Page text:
Wolfgang Tillmans
[Photographer, b. 1968, Remscheid, Germany, lives in London.]

 I think it’s much more radical to see and show things as they look instead of making them somehow subversive through alienation or estrangement. 
 I am interested not in individual readings, but in constructing networks of images and meanings capable of reflecting the complexity of the subject. 
 The true authenticity of photographs for me is that they usually manipulate and lie about what is in front of the camera, but never lie about the intentions behind the camera. 
 Always take yourself seriously... it’s not the same as being pompous, or overly self-assured, but it is important to understand that the small little ideas that creep up in your mind, often contain the germ of a much larger project. All great art wasn’t born as great art. It first needed to be recognized by the artist him/herself. Through his or her belief in it, it became true. 
 My staged work looks so real that people actually take it for documentary. But, in fact, that is my intention, to disguise the manufacturedness of it. Half of my work, or probably more than that, is staged.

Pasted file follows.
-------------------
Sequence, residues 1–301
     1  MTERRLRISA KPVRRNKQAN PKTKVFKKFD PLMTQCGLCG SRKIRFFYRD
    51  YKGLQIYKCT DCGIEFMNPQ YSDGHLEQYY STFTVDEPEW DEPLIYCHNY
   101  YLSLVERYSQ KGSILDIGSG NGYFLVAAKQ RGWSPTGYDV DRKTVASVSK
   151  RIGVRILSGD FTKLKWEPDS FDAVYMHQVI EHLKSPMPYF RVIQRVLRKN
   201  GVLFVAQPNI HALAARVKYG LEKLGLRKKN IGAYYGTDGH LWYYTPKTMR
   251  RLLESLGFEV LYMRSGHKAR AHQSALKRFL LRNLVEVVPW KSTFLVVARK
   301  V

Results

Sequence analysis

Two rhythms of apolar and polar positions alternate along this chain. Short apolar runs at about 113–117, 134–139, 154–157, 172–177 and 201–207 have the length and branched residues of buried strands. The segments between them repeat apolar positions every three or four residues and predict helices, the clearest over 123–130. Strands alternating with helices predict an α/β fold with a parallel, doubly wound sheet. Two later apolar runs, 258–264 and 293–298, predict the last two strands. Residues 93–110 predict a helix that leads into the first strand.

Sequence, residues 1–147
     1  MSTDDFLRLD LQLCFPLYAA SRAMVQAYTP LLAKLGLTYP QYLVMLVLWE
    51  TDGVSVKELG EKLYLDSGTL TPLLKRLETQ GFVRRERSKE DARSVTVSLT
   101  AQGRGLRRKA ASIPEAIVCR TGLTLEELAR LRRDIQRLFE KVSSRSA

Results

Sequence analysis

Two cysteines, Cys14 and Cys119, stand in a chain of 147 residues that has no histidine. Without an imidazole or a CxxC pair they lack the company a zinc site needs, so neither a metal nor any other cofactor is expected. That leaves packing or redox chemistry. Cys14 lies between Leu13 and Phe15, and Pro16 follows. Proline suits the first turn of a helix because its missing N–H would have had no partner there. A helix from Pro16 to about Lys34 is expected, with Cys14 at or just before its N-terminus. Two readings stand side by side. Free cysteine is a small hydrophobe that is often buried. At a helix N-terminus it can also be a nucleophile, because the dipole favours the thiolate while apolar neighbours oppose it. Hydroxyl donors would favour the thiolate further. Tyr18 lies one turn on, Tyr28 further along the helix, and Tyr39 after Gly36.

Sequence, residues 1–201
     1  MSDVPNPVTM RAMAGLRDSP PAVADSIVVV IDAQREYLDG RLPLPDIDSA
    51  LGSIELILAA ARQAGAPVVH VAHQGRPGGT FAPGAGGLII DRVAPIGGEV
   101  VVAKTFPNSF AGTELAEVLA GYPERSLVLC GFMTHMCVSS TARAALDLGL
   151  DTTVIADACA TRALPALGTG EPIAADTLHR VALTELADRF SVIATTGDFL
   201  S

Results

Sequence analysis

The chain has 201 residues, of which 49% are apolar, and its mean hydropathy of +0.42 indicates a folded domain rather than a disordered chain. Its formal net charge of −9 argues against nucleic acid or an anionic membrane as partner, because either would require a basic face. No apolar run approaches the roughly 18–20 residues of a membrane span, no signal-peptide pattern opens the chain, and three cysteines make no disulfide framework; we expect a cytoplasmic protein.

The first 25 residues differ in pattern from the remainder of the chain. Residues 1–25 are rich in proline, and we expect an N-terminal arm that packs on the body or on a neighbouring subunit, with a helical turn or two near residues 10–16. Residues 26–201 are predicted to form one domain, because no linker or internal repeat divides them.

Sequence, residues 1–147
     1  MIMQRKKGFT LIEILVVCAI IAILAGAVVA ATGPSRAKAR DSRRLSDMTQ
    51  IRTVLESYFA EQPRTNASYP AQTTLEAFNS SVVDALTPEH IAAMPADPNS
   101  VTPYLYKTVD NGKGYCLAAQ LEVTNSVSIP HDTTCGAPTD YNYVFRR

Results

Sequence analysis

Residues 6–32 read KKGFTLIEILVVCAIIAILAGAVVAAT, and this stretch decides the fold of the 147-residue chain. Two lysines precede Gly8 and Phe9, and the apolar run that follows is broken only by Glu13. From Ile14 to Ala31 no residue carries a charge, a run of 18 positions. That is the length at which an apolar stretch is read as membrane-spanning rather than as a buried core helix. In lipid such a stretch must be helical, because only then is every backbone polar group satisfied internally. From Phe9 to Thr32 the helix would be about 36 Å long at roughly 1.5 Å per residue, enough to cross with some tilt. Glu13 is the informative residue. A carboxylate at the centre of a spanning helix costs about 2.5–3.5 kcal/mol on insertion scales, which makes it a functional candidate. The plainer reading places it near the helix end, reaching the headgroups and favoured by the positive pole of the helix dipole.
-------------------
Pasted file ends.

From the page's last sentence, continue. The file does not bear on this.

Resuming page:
I got rid of everything that’s artistic in portraiture: interesting lighting, recognizably “special” techniques, and all the different styles that divide us from the subject and are usually considered to be enhancements of the subject or the picture. 
 My work is aimed at creating a world in which I wish to live. Consequently, it is about creating ideals with the aid of realistic techniques. My most fundamental motivation is a desire for unity, fusion and sense of community. 
 It would be so easy to lose the plot now. It’s not about achieving something for its own sake, and taking pictures for their own sake. But to make conscious decisions and choices, and it includes this constant questioning—“Why am I taking pictures?” Because really, the world is... it has pictures enough. I mean, there are enough pictures out there. 
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